An employee may be suspended from his work pending a disciplinary hearing or as a form of a sanction. Where an employee is suspended pending a disciplinary enquiry, the employer is in most cases obliged to continue to pay the employee's salary.
However, where an employee is suspended as a form of a disciplinary sanction, the suspension will be without pay. The employer may only suspend the employee without pay if it is provided for by the employer's disciplinary code and procedure.
It normally happens in the course of employment that employees are suspended pending a disciplinary enquiry. Not all alleged transgressions that are the subject of a disciplinary enquiry warrant an employee's suspension.
In SA Post Office Ltd vs Van Vuuren N 0 the Labour Court held that it is only in exceptional cases that an employee should be suspended pending a disciplinary enquiry. Although the court said that the only rationale for suspension is the reasonable apprehension that the employee will interfere with investigation, the following are additional factors that an employer may invoke to suspend an employee:
l The employer has a reasonable concern that his business interest would be harmed by the employee's presence in the workplace.
l The employee's presence would affect working relationships.
l The employee has access to confidential information.
l The offence is of a serious nature.
Although the employer may suspend an employee pending a disciplinary enquiry, the investigation into an employee's alleged transgressions must be concluded within a reasonable period.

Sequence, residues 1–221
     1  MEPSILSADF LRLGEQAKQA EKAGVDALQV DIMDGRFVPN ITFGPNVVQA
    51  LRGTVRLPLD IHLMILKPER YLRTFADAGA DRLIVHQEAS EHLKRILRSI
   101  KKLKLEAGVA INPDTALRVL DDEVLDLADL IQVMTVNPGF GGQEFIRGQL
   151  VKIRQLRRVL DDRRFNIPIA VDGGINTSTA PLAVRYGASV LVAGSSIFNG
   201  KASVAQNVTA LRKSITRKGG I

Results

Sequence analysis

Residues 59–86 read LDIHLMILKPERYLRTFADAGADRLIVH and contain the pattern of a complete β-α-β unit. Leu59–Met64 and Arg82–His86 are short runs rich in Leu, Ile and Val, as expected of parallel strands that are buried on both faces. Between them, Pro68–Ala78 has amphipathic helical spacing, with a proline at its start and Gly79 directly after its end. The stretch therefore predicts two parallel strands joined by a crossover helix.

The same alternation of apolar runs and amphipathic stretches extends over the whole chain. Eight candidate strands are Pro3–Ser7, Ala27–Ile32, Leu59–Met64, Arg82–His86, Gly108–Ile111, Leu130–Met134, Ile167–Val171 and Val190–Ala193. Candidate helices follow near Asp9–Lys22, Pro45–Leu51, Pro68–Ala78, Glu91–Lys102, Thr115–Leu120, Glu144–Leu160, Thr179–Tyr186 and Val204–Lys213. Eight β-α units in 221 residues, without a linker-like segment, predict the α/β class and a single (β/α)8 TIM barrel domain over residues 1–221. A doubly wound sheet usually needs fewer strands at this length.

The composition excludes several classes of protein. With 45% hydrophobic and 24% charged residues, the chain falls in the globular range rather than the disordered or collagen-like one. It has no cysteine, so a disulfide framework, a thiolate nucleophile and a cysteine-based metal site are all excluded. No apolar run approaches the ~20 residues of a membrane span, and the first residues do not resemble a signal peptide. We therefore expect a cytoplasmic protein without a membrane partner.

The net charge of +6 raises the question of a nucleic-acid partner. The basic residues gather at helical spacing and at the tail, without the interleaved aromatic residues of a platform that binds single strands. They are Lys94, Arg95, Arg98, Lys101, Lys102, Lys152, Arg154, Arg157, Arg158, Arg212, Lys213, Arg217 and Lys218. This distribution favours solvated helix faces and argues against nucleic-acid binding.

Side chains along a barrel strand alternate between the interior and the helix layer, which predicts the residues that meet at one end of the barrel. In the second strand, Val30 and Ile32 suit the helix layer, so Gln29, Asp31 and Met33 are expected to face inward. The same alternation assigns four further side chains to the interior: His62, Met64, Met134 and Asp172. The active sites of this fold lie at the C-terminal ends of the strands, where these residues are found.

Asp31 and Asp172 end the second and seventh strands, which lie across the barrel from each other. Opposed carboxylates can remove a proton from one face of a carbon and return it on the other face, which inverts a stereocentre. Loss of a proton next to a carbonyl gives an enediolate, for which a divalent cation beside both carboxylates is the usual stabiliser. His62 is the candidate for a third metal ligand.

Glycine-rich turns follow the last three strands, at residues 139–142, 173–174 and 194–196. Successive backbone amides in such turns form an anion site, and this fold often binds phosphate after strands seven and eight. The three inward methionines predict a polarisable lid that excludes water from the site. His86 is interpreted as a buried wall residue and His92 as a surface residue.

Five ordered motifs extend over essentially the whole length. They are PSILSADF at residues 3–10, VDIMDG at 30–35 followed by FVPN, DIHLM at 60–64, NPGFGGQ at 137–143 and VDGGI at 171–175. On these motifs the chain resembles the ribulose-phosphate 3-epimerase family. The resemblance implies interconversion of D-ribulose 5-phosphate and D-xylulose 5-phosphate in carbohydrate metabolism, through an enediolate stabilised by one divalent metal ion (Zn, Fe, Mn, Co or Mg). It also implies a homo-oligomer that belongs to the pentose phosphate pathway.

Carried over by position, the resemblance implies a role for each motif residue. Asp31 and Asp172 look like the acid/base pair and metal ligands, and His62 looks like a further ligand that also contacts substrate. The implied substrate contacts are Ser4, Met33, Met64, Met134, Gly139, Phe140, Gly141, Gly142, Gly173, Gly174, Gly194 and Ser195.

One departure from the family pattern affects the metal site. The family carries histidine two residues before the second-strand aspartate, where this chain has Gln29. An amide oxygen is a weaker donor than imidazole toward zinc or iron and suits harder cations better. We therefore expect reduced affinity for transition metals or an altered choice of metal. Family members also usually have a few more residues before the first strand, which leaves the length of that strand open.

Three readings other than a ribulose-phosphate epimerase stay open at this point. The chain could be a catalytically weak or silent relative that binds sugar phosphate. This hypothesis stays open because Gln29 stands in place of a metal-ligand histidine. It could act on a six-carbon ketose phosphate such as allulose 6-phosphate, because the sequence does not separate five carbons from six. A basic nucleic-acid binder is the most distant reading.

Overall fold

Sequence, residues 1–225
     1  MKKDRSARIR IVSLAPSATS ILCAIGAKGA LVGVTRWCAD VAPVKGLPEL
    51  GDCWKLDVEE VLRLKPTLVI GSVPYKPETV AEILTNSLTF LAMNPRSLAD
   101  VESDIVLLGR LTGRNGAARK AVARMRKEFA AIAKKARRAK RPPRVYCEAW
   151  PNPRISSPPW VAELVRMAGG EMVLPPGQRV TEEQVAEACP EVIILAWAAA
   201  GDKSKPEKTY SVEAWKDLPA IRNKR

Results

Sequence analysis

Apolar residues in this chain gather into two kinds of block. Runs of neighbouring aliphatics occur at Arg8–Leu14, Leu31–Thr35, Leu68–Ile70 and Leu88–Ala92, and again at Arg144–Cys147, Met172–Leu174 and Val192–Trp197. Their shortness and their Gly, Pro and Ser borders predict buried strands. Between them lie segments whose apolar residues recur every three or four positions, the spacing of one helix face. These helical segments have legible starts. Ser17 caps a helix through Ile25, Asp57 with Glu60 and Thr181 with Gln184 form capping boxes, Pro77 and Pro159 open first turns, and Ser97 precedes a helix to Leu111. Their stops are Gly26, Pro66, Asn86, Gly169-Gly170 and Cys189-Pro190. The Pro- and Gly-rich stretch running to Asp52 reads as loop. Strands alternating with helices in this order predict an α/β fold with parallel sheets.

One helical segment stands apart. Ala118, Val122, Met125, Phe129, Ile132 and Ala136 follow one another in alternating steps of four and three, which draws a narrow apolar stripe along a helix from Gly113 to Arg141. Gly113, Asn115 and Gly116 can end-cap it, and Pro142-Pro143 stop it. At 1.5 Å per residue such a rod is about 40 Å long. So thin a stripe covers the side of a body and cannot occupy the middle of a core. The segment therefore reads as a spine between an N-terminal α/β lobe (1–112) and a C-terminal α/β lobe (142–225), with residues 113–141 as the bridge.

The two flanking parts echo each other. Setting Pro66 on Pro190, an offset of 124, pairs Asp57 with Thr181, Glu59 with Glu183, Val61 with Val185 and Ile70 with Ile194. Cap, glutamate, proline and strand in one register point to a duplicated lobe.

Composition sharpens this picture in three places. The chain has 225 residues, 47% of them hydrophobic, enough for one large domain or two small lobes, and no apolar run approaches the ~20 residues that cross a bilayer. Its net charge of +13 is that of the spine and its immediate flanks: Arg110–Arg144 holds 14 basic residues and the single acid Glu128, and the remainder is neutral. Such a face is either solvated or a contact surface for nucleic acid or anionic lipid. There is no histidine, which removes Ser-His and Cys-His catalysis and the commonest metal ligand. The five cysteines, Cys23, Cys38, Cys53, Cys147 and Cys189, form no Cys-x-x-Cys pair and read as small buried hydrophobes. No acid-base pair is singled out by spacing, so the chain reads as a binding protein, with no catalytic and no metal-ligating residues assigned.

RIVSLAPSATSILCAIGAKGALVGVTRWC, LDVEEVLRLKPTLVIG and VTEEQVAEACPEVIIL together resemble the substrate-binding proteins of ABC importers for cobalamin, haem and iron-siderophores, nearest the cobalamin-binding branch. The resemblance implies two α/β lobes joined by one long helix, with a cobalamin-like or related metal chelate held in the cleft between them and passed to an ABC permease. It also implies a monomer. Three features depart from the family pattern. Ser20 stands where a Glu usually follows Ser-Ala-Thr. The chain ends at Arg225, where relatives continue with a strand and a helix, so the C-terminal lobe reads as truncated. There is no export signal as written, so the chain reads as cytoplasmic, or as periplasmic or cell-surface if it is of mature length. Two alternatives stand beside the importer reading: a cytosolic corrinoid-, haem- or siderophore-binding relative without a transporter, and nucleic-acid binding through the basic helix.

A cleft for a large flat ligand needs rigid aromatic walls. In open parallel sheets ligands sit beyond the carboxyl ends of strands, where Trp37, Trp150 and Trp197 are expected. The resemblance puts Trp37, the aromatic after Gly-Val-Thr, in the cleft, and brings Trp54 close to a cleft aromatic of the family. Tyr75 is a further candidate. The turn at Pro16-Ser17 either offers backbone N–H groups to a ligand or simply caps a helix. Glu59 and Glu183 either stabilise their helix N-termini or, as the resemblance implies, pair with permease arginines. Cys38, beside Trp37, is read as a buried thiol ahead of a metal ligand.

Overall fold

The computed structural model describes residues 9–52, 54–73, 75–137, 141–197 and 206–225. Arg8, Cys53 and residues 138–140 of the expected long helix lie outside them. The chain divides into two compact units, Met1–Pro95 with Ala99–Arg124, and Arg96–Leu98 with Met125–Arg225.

Whereas the Labour Relations Act sets out the procedure to be followed before an employee can be dismissed, no procedure is provided for before suspending an employee.
To address this gap, in Mabilo vs Mpumalanga Provincial Government, the Labour Court held that it is necessary that suspensions are based on substantive reasons and fair procedures are followed before suspending an employee. Of importance, the court stated that an employer should offer an employee the opportunity to be heard before suspending him or her.
All that is required is to give the employee an opportunity to make representations to the employer why he should not be suspended.
In the event that the employer suspends an employee without any valid reason and without following a fair procedure, the employee may refer an unfair labour practice dispute to the Commission of Conciliation, Mediation and Arbitration.
This may also be the case where an employer suspends an employee for an unreasonable period.
In the event that the employee is successful with his unfair labour practice dispute, the CCMA will declare the suspension unlawful, order the employer to lift the suspension and may also award compensation to the employee.
Lavery Modise, a partner, and Lebogang Kutumela, an associate at Routledge Modise in association with Eversheds